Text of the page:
When parents decide to separate, disputes often arise regarding the care of the children. Where separating parents are unable to agree arrangements for the children between themselves, or where arrangements break down, relations between them can deteriorate and turn hostile very quickly and this type of hostility between parents can be damaging to the children.
As a last resort where parties are unable to agree between themselves, court proceedings may need to be issued and the court has powers to intervene where it considers that a child is likely to suffer significant harm as a result of hostility between the parents. The court’s paramount consideration when making decisions relating to the arrangements for a child will always be the child’s welfare. This will outweigh any other consideration of the court, including the parents’ best interests and wishes. Research shows that children do better when they have a relationship with both parents and only in very exceptional circumstances will the court consider it not in the best interests of the child to have a meaningful relationship with both parents. The courts have acknowledged that sometimes it is necessary to change a child’s living arrangements and remove the child from a hostile parent.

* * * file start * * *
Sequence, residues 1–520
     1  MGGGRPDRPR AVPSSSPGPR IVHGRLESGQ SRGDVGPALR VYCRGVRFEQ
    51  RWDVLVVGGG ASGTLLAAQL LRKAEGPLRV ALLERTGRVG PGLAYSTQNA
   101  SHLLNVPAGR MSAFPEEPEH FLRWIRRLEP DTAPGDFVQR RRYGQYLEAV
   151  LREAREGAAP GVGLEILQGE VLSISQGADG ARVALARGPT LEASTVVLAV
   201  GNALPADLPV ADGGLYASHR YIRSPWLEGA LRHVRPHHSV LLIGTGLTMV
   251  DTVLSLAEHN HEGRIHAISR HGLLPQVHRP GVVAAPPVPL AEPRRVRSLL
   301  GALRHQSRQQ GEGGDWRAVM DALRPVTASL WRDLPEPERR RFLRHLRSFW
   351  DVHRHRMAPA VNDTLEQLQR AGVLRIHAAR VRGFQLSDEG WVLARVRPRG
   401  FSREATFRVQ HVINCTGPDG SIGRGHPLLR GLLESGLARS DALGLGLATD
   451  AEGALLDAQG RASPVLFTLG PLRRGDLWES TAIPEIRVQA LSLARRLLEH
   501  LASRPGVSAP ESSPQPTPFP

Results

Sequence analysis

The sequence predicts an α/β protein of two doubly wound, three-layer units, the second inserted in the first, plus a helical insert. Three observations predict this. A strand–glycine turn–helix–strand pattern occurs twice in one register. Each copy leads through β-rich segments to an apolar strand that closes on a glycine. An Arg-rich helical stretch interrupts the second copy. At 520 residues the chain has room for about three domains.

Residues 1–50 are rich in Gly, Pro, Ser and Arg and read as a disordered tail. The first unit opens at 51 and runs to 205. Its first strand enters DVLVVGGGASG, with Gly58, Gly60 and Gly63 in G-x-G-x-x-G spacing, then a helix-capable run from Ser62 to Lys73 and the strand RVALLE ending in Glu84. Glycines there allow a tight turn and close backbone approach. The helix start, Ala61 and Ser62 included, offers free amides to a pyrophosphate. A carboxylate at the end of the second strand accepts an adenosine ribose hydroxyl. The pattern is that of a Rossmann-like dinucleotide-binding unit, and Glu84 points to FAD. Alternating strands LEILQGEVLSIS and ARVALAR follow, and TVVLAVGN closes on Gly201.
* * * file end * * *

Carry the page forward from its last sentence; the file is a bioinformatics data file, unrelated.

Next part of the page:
In a recent case (Re A (A child)  EWCA Civ 910) the mother was labelled ‘implacably hostile’ by the court as she was entirely unwilling to allow the child to have contact with the father. The mother had developed a view that the father posed a danger to the welfare of the child and, sadly, the child shared the mother’s view as he had been indoctrinated to believe by the mother that the father was a danger to him. The child had previously had a good relationship with the father, however the mother’s hostility had alienated the child from the father to such extent that by the time the matter came before the court when the child was 12 years old, the child did not wish to have any contact whatsoever with the father. Sadly, the court was left with no option but to refuse the father’s application for contact as the child was clear in his views that he did not want to see his father and it was found that the child would suffer harm if contact was ordered due to him having absorbed the mother’s view that his father was dangerous. The court upheld an order for no direct contact and allowed limited indirect contact only. However the court stressed that in most cases it is in a child’s best interests to have a relationship with both parents. In those cases, the parent with care of the child has a duty and responsibility to ensure that contact with the other parent happens, hard though this may be for the parent with care. The court stressed that it is not acceptable for a parent to refuse to allow contact with the other parent where contact would be in the child’s best interests.
Our family law solicitors provide specialist advice in all areas of family law, including arrangements for children. If you would like to discuss how we can help you please contact one of our expert solicitors on 0161 941 4000.